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Michael Zheng: Remembering the Now

By Alanna Lockward

“-¡Oh Caballero de la Triste Figura! No te dé afincamiento la prisión en que vas, porque así conviene para acabar más presto la aventura en que tu gran esfuerzo te puso.”

Don Quixote

“Consciousness-raising and personal integrity were the priorities. Nothing could be bought or sold. Performance continues twenty-five years later to be pivotal and essential”.

Linda Montano

“To escape from the traps of art, it is not enough to be against museums or to stop producing marketable objects; the artist of the future must learn how to evade his profession”.

Allan Kaprow

 

“Where” does it mean to be born and raised in China, move to San Francisco and become an artist after experiencing entrepreneurship and computer programming for a decade? Michael Zheng is like a fish searching for a countercurrent of epic proportions to be able to relax and finally become himself. As a new member of the oldest Chinese epicenter in the US, self-depicted according to Spanish parameters as a contemporary Don Quixote and in the process of becoming a life-art practitioner in the Mecca of the genre, a place still breathing the performances of Allan Kaprow, Linda Montano and Tony Labat -his former teacher at the San Francisco Art Institute- Zheng territories are everything except safe.

In Zheng ´s new series “Artist for Hire”, the intimacy of a dialogue stretches beyond the need to create a valid artistic anecdote about the dialogue itself. He is determined to infuse his practice in the terrain of “hunger for community, for bodily closeness” that Linda Montano prescribes as the definition of performance audience chemistry today. As in many conceptual works, the narrative, the documentation of the experience, becomes the biggest challenge for the artists and her/his critic. As Roy Ascott says: “To discuss what one is doing rather than the artwork which results, to attempt to unravel the loops of creative activity, is, in many ways, a behavioral problem. The fusion of art, science and personality is involved. It leads to a consideration of our total relationship to a work of art, in which physical moves may lead to conceptual moves, in which Behavior relates to Idea…‘An organism is most efficient when it knows its own internal order’”1 Michael Zheng is looking for an archive of his personal motivations to be hired and those of the individual who hires him to perform an undetermined task for no apparent obvious reason. He is not preoccupied with making this archive present, or articulating it in a visual or textual manner, but rather allows the uncertainties of this process to develop their own specific weight, an intuitive power that would eventually “explain” to a wider and remote audience the focus of those involved. As in other performances conceived in moments of personal crisis (Groundbreaking, 2003), the need for a catharsis becomes the genesis of the piece. In the aforementioned work, the artist buried himself in the ground playing intentionally “with the loftiness of artistic aspiration and the self-importance of artists”. In the performance he directed his assistants through a walkie-talkie to bury him, with his head in the earth first. The two hour long process culminated in a seemingly perfect sculpture of Zheng´s ass sticking out from the ground.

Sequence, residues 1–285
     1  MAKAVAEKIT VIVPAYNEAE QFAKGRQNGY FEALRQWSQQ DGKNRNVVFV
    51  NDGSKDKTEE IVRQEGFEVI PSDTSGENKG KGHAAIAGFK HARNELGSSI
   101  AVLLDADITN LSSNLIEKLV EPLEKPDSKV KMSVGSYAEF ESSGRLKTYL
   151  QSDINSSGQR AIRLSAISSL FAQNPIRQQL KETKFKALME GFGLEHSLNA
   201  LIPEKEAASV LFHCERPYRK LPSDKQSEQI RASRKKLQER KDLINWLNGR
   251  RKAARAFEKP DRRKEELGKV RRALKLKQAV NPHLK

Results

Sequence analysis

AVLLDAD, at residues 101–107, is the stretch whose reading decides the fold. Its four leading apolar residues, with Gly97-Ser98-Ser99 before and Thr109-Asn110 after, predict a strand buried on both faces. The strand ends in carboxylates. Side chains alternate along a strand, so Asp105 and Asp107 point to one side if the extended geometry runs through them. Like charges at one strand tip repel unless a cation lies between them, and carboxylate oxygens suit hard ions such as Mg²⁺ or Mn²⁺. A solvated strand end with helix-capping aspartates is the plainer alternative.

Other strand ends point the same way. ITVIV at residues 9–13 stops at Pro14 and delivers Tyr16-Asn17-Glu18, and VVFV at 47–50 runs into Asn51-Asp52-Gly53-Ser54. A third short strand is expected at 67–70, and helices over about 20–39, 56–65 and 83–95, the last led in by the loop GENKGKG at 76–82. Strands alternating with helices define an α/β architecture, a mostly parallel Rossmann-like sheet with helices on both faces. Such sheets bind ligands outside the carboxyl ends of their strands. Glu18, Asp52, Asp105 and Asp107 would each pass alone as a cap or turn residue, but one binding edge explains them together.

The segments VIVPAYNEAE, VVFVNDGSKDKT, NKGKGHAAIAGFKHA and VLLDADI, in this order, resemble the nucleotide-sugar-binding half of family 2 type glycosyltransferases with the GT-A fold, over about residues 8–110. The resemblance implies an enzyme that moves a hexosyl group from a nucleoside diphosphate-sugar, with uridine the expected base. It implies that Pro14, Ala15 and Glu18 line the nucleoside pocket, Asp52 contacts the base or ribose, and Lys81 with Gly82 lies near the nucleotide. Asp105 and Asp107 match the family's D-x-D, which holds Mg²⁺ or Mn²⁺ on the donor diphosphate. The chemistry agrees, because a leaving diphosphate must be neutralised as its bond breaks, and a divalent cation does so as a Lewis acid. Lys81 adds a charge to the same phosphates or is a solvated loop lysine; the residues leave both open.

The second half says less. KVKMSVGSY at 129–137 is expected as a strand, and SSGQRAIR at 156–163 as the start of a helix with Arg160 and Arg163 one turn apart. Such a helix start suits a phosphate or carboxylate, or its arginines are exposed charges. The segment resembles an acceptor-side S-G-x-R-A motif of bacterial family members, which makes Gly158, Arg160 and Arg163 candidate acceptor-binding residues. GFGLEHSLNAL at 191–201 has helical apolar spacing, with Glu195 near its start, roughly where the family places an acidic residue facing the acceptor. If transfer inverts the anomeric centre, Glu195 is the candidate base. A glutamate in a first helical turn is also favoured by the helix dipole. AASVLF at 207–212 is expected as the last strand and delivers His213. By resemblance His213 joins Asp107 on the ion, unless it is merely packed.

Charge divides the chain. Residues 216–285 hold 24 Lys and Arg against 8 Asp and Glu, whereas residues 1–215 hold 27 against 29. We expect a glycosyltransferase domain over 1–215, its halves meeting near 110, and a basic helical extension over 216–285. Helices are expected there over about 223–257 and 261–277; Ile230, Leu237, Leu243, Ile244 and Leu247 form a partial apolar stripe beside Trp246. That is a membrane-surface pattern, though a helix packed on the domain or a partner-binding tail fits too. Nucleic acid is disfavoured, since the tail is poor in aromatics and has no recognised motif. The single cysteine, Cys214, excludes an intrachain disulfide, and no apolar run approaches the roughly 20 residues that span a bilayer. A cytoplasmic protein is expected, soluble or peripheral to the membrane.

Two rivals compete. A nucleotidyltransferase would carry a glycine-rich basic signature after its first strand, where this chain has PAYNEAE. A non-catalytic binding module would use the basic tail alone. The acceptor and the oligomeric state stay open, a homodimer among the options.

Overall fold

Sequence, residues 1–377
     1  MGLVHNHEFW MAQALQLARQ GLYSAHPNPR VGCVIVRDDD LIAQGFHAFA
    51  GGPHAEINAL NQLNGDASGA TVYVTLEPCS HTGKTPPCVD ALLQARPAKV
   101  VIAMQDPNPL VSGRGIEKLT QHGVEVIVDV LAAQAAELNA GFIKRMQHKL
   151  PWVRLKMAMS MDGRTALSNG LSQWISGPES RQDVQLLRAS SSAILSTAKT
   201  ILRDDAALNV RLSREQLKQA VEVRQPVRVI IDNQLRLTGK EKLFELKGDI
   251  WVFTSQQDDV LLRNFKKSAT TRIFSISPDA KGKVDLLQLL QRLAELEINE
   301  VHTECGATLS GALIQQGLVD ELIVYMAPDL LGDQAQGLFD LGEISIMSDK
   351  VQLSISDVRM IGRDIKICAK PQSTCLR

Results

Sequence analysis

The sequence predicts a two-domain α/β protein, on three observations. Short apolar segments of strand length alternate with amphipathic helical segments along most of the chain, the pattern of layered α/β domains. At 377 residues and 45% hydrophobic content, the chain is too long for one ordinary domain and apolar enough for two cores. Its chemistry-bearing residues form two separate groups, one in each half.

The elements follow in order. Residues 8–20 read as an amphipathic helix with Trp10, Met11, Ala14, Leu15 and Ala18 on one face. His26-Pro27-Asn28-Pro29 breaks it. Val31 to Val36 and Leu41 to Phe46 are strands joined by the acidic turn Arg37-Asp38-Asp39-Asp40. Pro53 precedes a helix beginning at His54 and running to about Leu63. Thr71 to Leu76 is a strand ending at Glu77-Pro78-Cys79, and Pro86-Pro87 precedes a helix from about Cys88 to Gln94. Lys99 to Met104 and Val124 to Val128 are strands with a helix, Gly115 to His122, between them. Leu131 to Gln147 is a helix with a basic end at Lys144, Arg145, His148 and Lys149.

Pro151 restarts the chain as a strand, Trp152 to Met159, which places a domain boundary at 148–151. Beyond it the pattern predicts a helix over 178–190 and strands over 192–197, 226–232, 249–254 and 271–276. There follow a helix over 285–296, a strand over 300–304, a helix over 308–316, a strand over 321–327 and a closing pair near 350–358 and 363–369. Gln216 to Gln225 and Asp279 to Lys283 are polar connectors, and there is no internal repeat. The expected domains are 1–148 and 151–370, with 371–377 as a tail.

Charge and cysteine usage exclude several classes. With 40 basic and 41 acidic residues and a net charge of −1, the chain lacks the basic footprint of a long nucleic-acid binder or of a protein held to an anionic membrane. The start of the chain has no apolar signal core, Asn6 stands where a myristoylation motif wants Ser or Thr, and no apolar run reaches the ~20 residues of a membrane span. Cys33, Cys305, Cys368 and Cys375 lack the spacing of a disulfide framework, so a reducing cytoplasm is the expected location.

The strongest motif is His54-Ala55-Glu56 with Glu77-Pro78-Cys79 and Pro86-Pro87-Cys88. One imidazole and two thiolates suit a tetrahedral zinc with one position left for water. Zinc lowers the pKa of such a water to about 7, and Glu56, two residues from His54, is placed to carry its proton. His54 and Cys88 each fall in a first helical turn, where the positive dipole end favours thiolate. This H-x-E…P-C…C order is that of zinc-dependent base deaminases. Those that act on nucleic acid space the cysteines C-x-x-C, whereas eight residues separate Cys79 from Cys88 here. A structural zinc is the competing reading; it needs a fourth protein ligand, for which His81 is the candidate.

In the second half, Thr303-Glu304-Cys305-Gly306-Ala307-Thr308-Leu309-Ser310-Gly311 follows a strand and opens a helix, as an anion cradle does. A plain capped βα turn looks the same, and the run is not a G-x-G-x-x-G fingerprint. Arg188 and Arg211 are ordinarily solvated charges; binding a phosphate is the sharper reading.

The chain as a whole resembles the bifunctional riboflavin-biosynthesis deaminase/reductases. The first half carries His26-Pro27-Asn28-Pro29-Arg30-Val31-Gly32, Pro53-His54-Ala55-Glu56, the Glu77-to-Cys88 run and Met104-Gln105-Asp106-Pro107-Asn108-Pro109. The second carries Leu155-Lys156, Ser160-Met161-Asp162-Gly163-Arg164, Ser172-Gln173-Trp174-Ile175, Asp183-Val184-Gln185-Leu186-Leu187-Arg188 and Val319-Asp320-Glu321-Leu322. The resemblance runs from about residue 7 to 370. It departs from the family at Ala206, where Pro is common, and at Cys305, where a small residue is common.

In the performance "Stare" (2003) a volunteer at a time looked at the artist in the eyes for as long as they remained engaged, exposing the tensions of a conventional intimate act in a public setting, in a manner akin to Marina Abramovic and Ulay’s “Relation Works” series of the mid seventies. The psychological power game at play in “Stare” becomes a self-evidence in its own right, the struggle to overcome the unbearable thickness of time is both infuriating and hypnotic; relational aesthetics á-la-Zheng. This combination of self-exposure and transparency, and of quoting pivotal references so kin to art-life performance today, has mutated in his current series by means of a wider and deeper concern regarding self-awareness; in the artist’s own words: “I saw a vision where both my life and my art are centered around the notion and practice of being mindful, and the value of my art and my life in that sense.” The first two experiments of “Artist for Hire” took place very recently in Berlin and Zheng has been so inspired by them that he has actually opened a new space in San Francisco in order to expand this experience to other dimensions, and to facilitate, among other purposes, the kind of dialogue that remains the core of any practice that involves being brave enough to be willing to play with the vulnerability of the now.

Berlin February 9th, 2010

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1 Ascott, Roy, „The Construction of Change“, Cambridge Opinion 37 (January, 1964). Quoted in: Lippard, Lucy, Six Years: The dematerialization of the art object. Los Angeles: University of California Press, 1997. P. 2

 

Alanna Lockward is an author, critic and independent curator based in Berlin.